•  101
    Connectionism and the language of thought
    CSLI Technical Report. 1995.
    Fodor and Pylyshyn's (F&P) critique of connectionism has posed a challenge to connectionists: Adequately explain such nomological regularities as systematicity and productivity without postulating a "language of thought'' (LOT). Some connectionists declined to meet the challenge on the basis that the alleged regularities are somehow spurious. Some, like Smolensky, however, took the challenge very seriously, and attempted to meet it by developing models that are supposed to be non-classical
  •  170
    Understanding the nature of pain depends, at least partly, on recognizing its subjectivity (thus, its first-person epistemology). This in turn requires using a first-person experiential method in addition to third-person experimental approaches to study it. This paper is an attempt to spell out what the former approach is and how it can be integrated with the latter. We start our discussion by examining some foundational issues raised by the use of introspection. We argue that such a first-perso…Read more
  •  200
    An analysis of pleasure vis-a-vis pain
    Philosophy and Phenomenological Research 61 (3): 537-570. 2000.
    I take up the issue of whether pleasure is a kind of sensation or not. This issue was much discussed by philosophers of the 1950’s and 1960’s, and apparently no resolution was reached. There were mainly two camps in the discussion: those who argued for a dispositional account, and those who favored an episodic feeling view of pleasure. Here, relying on some recent scientific research I offer an account of pleasure which neither dispositionalizes nor sensationalizes pleasure. As is usual in the t…Read more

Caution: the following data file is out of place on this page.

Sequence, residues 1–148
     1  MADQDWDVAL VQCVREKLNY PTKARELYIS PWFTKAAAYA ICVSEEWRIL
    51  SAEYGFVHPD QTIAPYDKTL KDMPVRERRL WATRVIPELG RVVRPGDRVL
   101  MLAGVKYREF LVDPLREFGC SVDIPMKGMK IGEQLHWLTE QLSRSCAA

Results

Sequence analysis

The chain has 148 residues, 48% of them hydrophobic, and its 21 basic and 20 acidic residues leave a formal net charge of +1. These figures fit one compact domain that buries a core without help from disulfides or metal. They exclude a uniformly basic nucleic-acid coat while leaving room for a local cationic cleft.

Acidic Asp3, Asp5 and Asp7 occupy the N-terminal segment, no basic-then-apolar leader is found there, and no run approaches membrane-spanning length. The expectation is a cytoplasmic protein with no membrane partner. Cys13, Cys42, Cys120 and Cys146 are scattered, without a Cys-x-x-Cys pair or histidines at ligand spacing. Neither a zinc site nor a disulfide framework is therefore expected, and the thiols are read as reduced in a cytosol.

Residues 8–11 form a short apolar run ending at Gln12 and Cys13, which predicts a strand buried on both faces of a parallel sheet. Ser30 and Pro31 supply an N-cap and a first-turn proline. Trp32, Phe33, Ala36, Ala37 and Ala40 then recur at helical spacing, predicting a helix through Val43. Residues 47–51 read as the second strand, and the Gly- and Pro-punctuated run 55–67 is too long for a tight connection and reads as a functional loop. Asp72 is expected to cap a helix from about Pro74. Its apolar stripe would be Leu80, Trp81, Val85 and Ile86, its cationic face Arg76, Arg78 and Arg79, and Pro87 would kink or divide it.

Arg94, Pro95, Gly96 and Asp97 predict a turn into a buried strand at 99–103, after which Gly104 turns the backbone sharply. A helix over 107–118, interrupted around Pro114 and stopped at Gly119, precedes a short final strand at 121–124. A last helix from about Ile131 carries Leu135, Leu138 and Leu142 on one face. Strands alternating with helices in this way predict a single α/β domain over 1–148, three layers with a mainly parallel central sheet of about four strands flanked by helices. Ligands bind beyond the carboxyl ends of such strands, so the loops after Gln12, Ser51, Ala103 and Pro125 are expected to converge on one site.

•  68
    Pain, philosophical aspects of
    In Tim Bayne, Axel Cleeremans & Patrick Wilken (eds.), Oxford Companion to Consciousness, . pp. 495-498. 2009.
    The ordinary conception of pain has two major threads that are in tension with each other. It is this tension that generates various puzzles in our philosophical understanding of pain. This is a short encyclopedia entry surveying some of the major philosophical puzzles about pain.
  •  217
    I introduce the Displaced Perception Model of Introspection developed by Dretske which treats introspection of phenomenal states as inferential and criticize it
  •  164
    Emotions or emotional feelings? (Commentary on Rolls' The Brain and Emotion)
    Behavioral and Brain Sciences 23 (2): 192-194. 2000.
    It turns out that Rolls’s answer to Nagel’s (1974) question, "What is it like to be a bat?" is brusque: there is nothing it is like to be a bat . . . provided that bats don’t have a linguistically structured internal representational system that enables them to think about their first-order thoughts which are also linguistically structured. For phenomenal consciousness, a properly functioning system of higher-order linguistic thought (HOLT) is necessary (Rolls 1998, p. 262). By this criterion, n…Read more
  •  99
    On the relation between phenomenal and representational properties
    Behavioral and Brain Sciences 20 (1): 151-153. 1997.
    We argue that Block's charge of fallacy remains ungrounded so long as the existence of P-consciousness, as Block construes it, is independently established. This, in turn, depends on establishing the existence of “phenomenal properties” that are essentially not representational, cognitive, or functional. We argue that Block leaves this fundamental thesis unsubstantiated. We conclude by suggesting that phenomenal consciousness can be accounted for in terms of a hybrid set of representational and …Read more
  •  356
    I argue that if we have a rich enough description of perceptual experiences from an information-theoretic viewpoint, it becomes surprisingly difficult (to put it mildly) to positively conceive philosophical zombies (as complete physical/functional duplicates that lack phenomenal consciousness). Hence, it is at best an open question whether zombies are positively conceivable. My argument requires paying close attention to the direct relation between phenomenology and information.
  •  224
    I argue that Stich's Syntactic Theory of Mind (STM) and a naturalistic narrow content functionalism run on a Language of Though story have the same exact structure. I elaborate on the argument that narrow content functionalism is either irremediably holistic in a rather destructive sense, or else doesn't have the resources for individuating contents interpersonally. So I show that, contrary to his own advertisement, Stich's STM has exactly the same problems (like holism, vagueness, observer-rela…Read more